To the right is my résumé.
I've been fortunate to have designed and conducted geophysical surveys over many of the world's major mining districts. These include: Bingham Canyon, UT; Butte, MT; Coeur D'Alene, ID; Tintic, UT; Ely, NV; Leadville, CO; Stillwater, MT; Prairie Creek, AR; Carlin, NV; Grants, NM; Green Mountain, WY; Australia's Mt. Isa Mines and Giles Complex; Zambia's Copper Belt; Norway's Rogaland Anorthosites; Canada's Voisey's Bay, Sept Isles, Tintina, Flin Flon, James Bay, Kluane, Lac de Gras, and northeast Manitoba (diamonds); Madagascar's Anorthosite Belts; Greenland's Gardar; and, Finland's Diamond and PGE Belts.
While I have extensive experience in uranium, epithermal, and porphyry mineralization, my passion and most recent successes are mafic and ultramafic magmatic-sulfide mineralization, PGE's, and diamonds.
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I'm Terry J. Crebs, a California Registered Geophysicist who's been reading between the "mines" now for over thirty years. Summarized below is my mining and geophysics experience.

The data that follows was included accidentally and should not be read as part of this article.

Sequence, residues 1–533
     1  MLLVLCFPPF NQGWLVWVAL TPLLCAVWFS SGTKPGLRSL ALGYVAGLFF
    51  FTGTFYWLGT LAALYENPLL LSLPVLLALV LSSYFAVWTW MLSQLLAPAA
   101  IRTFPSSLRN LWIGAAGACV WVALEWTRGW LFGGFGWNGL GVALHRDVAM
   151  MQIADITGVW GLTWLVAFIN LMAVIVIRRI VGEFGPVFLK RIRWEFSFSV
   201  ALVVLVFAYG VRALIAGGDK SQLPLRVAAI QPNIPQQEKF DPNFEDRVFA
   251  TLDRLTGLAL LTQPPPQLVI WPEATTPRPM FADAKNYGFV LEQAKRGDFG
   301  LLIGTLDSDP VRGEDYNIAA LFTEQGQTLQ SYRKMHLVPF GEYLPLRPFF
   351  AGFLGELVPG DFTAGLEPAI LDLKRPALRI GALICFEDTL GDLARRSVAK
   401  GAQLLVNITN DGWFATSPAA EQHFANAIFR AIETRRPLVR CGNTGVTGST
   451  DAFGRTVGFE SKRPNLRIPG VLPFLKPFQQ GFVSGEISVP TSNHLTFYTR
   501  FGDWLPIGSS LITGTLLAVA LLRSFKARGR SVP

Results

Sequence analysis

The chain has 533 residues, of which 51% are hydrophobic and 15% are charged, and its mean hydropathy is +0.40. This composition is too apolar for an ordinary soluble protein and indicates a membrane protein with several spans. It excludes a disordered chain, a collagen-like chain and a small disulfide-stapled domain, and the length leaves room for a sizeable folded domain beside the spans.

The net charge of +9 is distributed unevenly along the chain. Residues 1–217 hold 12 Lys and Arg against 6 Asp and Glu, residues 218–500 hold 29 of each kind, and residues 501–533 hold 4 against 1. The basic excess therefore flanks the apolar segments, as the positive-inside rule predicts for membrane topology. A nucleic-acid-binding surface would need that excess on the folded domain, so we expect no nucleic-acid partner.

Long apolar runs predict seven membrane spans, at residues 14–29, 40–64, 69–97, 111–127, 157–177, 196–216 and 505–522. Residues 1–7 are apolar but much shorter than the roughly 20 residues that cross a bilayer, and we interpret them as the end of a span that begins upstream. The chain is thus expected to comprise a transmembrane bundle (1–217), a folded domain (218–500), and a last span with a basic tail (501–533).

I began my mining career in the late 1960's working Kennecott's Bingham Canyon UT porphyry-copper mine. During the 1970's I received my BS and MS degrees in mining geophysics from the University of Utah. In the late 1970's and 1980's I worked for The Anaconda Company conducting both borehole-geophysical research and mineral exploration. From 1985-1993, I was senior geophysicist for Atlantic Richfield Corporation and designed/interpreted gravity, aeromagnetic, MT, and 3D-seismic surveys for oil/gas exploration throughout the western US.
From 1994-1996, I was Chief Geophysicist for Diamond Fields Resources, Inc. during the discovery and evaluation of the world-class Voisey's Bay Ni-Cu-Co deposits of Labrador, Canada. I also led DFR's exploration programs in Greenland and Europe.
Since 1997, I've been a freelance consulting geophysicist based in Lakewood, Colorado USA. In the last few years, I haven't discovered any orebodies as exciting as VB, but recent HEM surveying of layered intrusions and AEM surveying for Canadian kimberlites look promising.
© 2002-2008 by Terry J. Crebs. All rights reserved.